Today is different. For some reason I don’t feel like myself, I cannot explain how I feel. I just don’t feel right. I decide to sell my second camera, a Nikon. Never used. My Samsung camera literally taking all of the action.
I take a bicycle. Thirty minutes later I am at Reisen Park. I go into the, “We buy and sell any camera” shop, and plonk my bulky Nikon on the desk. I hand the man all of the wires, still locked inside the opaque plastic. “Charger?” he asks. Oh. I forgot the charger.
One hour later I am back at Reisen Park with the charger, and the sale concludes. In the park opposite, a stage looks like it is being taken down. I swing by a bookshop and purchase a book with some of my camera money; so many books I need to read. ¥1160 for the one I choose, Kafka on the Shore.
Outside the raindrops like scattered gunfire, but you probably don’t care about the weather. I decide to grab an early lunch from the second floor of Hakata Station. I deliberately go via one of the shortest escalators in the world. Just for fun.
Most restaurants in Japan have plastic models of food outside. These models are so well made, that you could mistake them for real food; if you didn’t know any better. The detail is incredible. I take a gamble and go into a restaurant without any plastic models. I have no idea what food is on the menu.
It is one of those restaurants where Japanese is the only known language, fine by me. I order a set meal of tuna on seaweed and rice, the closest thing to coleslaw I have ever had, but it isn’t coleslaw, miso soup, horseradish spicy green thing, the name has escaped my memory; and a delicious red bean cake for dessert. A nice meal.
After I leave, a woman chases me out of the restaurant with my forgotten umbrella.
I return the bicycle to the hostel, just as the rain stops. I sit on the roof terrace and read eighty-six pages of Kafka on the Shore.
After reading, I take a stroll around at dusk. I walk toward Tenjin. I take a photograph of the city from the river and then walk back. I was going to fill up space by talking about wasting electricity with all this neon, I will instead waste words telling you that Fukuoka is the sixth biggest city in Japan.
I realise on my walk back that I haven’t been on a train or bus for three days. Maybe I haven’t done anything but reading for two. A Chinook passes over me. And ironically, I am on my way to meet a helicopter pilot.
At the bar, the manager pours me a free glass of ice cold rice wine. The helicopter pilot is with his wife. I talk to him for ten minutes, before sitting at the bar with my book; not to disturb him as his food arrives. The helicopter pilot is Japanese, I met him last night in the same bar. His English is good. He told me to come back again today, “Not a problem,” I told him. “The bar is five minutes from my hostel.”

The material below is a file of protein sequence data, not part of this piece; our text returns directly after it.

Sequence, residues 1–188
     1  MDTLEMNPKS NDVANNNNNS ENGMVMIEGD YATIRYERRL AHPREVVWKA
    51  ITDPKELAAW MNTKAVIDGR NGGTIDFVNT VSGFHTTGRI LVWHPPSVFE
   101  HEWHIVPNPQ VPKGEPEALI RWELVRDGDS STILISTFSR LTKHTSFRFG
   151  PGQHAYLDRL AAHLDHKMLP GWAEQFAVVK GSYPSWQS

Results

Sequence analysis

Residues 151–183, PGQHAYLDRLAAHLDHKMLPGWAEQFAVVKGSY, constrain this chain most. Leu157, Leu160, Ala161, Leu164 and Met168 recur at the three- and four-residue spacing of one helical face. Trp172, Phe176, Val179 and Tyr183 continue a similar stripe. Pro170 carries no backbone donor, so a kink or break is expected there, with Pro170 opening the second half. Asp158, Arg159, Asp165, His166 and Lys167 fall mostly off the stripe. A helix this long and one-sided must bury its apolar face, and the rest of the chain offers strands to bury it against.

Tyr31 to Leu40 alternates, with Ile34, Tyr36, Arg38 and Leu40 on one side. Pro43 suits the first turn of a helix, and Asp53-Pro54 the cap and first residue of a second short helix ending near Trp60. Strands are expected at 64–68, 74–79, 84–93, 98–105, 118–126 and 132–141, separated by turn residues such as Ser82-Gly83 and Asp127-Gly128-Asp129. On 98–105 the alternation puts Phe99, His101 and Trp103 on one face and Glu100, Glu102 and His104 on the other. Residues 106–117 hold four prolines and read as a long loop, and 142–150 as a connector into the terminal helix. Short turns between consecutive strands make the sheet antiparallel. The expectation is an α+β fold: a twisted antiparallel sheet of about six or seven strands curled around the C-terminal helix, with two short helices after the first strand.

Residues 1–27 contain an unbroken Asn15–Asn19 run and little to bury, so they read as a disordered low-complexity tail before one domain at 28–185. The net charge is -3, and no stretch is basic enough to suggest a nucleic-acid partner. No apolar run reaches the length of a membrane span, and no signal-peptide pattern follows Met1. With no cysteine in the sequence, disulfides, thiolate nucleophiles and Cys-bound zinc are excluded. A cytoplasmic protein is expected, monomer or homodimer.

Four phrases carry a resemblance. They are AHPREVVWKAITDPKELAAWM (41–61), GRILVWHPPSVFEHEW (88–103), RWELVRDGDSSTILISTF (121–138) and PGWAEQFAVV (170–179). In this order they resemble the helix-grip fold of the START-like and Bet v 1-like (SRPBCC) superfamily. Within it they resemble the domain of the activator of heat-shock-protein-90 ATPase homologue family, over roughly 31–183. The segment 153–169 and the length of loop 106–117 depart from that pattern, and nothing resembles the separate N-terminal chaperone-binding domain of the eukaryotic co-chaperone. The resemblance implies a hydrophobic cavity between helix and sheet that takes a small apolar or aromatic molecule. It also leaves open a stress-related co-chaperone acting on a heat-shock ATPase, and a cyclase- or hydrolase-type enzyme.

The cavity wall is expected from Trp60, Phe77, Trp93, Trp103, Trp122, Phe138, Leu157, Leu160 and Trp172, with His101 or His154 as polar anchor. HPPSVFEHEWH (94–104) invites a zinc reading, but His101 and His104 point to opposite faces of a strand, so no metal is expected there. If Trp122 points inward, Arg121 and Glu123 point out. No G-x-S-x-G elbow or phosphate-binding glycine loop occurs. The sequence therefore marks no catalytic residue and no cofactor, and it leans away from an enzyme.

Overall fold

I sit at the bar for a while, gazing at all the skewers of meat that sit atop the glass counter. Eventually, the helicopter pilot’s daughter shows up. She is at university studying English. I spend the next two hours at the bar talking to her in English. Her eyes brown, profoundly deep-set. Her hair strikingly black; it has an odd texture to the touch, it feels like straw.
I agree to meet her tomorrow over a bowl of Paella. She leaves. I pay for six Highballs and her orange juice, ¥2345. A nice clean number.
As I wander back via a Lawson Stores, I see these odd workers:
I see them everywhere, actually. They stand on roads, at entrances to car parks, and next to building sites. They wave on traffic and pedestrians with their orange Lightsabers. Sometimes there will be three or four, all standing on the quietest street next to a cement mixer or ladder. A very strange job.
Back at the hostel, I have a craving for Salt and Vinegar crisps; another thing that I cannot find here. I sit in the lounge with a few cans of Suntory Highball and talk with the Koreans. There is a Korean woman who is both the same age as me and two years younger. East Asian age reckoning.
It becomes one of the Koreans birthdays; an amazing cake duly arrives, bang on midnight.
One of the Korean girls is studying philosophy and is incredibly intelligent. We talk about philosophy, another thing I really miss doing. She quite likes my discussion on M-theory. We also talk a lot about sentient pigs. I found out a few months ago that I had been pronouncing the word ‘sentient’ wrong for my whole life. SenCH(ē)ənt.
We eat cake, we drink, and to end the night, the intelligent Korean girl tells me that my eyes look lonely.
Read the next part of my Journey in Japan, where I attempt to make it to Dazaifu by clicking here.